Figure 1: The small fishing town Hvide Sande at the West coast of Jutland in Denmark. The red arrows show the location of the two thermals storages.

Factbox 1:

exported, which shall be offered to the variable operation and maintenance costs of the wind turbines.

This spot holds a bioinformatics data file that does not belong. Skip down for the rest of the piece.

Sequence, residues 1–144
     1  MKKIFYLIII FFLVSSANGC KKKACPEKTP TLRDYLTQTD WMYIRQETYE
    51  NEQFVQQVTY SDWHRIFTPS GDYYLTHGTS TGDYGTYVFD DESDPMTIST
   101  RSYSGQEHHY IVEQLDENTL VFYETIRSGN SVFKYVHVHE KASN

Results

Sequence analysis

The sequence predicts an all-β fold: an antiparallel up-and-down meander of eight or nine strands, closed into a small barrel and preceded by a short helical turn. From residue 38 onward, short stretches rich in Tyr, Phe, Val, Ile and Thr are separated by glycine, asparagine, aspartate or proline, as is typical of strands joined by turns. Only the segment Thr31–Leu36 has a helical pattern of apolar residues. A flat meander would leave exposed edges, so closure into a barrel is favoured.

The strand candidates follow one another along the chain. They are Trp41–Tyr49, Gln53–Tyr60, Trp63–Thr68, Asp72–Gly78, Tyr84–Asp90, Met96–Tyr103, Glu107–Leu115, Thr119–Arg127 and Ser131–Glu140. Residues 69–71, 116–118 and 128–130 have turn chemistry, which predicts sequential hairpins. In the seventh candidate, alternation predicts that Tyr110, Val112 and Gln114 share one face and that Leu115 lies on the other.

clock the day before to decide for each of the hours tomorrow how much electricity he wants to sell and how much electrici- ty he wants to buy in each hour, and at which prices. Because of the large thermal storages, the manager must look more days ahead, when deciding the bids for tomorrow as well as considering the heat amount in the thermal storage right now. His decisions are based on forecasts more days ahead on wind velocity, solar radiation, ambient temperatures, and fore- casts more days ahead for Day-ahead prices. Furthermore, what complicates the Day-ahead bidding in Hvide Sande, is that the wind turbines are behind own me- ter (is private wire operated). This means that the electricity delivered by the wind turbines and used by the heat pump avoids grid and tax payment. Therefore, the sale price bids for the wind turbine production shall typically be split into two parts. The amount of the wind turbine production matching the consumption of the heat pump shall be offered at a lower price compared to the wind turbine production that will be Present production units and storages at Hvide Sande District Heating: • 2 natural gas fired gas engine Combined Heat and Power units each 3.7 MW-elec and 4.9 MW-heat • 3 wind turbines each 3 MW-elec • Heat pump of 5 MW-heat • Electrical boiler of 10 MW-heat • Solar collector of 9,500 m2 • Hot water storages at plant of 2,000 m3 • Hot water storages at solar collector site of 1,200 m3 • Gas peak boilers